The fact is, whether intended or not, Facebook and Apple’s offers to freeze female employees’ eggs are a form of corporate reproductive coercion and must be understood as such, pressuring women to sacrifice family for career, perhaps at the risk of their own health and wellness. Reproductive ‘choice’ is hardly free in the context of cultural pressures mixed with economic and employment needs. Corporations of any political persuasion have no business controlling workers’ reproductive body parts or wholes. Employers who seek to support employees’ reproductive choices (regardless of gender, age, or sexuality) should consider robust parental leave benefits and generous on-site daycare, not offers of reproductive coercion disguised as reproductive choice.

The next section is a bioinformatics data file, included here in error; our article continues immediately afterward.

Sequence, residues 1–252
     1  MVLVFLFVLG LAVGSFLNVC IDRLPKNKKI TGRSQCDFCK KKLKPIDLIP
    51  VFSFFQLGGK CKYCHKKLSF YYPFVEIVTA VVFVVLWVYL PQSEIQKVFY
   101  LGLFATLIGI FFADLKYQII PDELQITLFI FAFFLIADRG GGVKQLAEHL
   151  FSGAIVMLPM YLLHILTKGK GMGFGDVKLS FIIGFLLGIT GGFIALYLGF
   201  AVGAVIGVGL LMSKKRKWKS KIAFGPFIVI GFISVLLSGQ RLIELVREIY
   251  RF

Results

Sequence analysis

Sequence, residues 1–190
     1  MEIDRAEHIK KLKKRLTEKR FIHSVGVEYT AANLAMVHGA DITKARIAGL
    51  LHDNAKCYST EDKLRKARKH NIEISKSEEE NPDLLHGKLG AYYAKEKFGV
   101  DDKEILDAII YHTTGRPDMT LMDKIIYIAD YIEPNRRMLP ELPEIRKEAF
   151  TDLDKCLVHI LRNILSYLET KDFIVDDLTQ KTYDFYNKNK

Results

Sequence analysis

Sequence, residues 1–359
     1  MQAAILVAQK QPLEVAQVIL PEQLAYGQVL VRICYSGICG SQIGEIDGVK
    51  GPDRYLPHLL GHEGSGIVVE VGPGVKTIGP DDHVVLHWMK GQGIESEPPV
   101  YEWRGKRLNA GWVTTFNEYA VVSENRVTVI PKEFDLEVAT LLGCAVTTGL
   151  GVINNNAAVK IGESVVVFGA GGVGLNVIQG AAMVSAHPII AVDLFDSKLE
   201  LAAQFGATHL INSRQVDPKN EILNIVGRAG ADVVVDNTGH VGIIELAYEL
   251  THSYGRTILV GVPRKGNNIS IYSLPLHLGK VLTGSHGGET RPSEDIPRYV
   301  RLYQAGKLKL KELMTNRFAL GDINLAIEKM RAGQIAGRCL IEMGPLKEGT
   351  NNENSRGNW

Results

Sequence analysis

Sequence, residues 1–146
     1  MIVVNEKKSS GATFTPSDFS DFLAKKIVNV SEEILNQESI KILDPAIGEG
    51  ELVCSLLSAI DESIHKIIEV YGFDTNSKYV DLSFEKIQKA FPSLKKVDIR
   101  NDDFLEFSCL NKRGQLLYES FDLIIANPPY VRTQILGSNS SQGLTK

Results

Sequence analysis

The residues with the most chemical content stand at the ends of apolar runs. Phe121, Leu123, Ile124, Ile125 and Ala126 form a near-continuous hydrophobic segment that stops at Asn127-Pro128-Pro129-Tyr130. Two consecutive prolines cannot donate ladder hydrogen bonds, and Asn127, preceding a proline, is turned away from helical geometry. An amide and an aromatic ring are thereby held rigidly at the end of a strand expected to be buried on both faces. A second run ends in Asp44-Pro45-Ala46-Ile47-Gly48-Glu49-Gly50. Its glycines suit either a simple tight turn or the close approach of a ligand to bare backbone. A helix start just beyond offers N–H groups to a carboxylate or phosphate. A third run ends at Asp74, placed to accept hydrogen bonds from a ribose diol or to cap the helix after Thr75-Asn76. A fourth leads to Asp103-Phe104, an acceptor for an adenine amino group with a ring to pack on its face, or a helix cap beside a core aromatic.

Originally published at The Feminist Wire and cross-posted with permission.
Image ©Raymond Bryson via Flickr.com under a Creative Commons license.